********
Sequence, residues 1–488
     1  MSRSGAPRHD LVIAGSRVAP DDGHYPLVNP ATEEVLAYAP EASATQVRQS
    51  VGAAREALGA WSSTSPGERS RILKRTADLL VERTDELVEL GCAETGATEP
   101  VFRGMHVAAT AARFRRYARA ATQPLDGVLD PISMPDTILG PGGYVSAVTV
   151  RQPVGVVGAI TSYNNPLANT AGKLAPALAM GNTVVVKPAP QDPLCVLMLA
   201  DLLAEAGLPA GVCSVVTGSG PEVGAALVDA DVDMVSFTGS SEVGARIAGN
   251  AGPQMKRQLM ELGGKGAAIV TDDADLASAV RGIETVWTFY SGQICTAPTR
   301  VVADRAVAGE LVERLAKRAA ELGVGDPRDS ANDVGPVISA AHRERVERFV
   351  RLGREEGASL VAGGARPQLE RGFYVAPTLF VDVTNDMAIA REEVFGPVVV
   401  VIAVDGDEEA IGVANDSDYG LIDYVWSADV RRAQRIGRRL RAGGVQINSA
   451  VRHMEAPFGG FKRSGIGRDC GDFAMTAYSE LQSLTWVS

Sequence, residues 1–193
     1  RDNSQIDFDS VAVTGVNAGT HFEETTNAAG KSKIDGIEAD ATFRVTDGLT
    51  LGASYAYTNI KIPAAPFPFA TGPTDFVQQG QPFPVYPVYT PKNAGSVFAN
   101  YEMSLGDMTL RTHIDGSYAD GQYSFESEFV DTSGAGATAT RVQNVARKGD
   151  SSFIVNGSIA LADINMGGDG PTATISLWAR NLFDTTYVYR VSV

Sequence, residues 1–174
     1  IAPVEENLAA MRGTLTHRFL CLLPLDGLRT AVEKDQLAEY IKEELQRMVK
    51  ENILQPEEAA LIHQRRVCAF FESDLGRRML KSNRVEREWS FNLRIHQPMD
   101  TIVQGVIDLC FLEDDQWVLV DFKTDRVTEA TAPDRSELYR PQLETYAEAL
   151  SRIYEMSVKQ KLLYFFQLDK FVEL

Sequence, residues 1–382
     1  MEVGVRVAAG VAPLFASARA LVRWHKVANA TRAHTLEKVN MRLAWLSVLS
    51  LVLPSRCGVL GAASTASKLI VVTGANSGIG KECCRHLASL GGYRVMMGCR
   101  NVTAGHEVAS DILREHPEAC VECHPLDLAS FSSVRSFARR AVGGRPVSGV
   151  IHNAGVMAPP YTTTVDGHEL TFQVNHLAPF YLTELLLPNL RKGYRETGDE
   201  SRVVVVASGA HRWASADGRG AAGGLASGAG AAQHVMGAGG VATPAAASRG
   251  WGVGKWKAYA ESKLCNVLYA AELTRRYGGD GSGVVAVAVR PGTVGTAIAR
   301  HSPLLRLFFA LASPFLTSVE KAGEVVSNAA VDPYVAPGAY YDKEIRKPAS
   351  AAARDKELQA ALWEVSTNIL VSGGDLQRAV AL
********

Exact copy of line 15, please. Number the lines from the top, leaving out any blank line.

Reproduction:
   101  YEMSLGDMTL RTHIDGSYAD GQYSFESEFV DTSGAGATAT RVQNVARKGD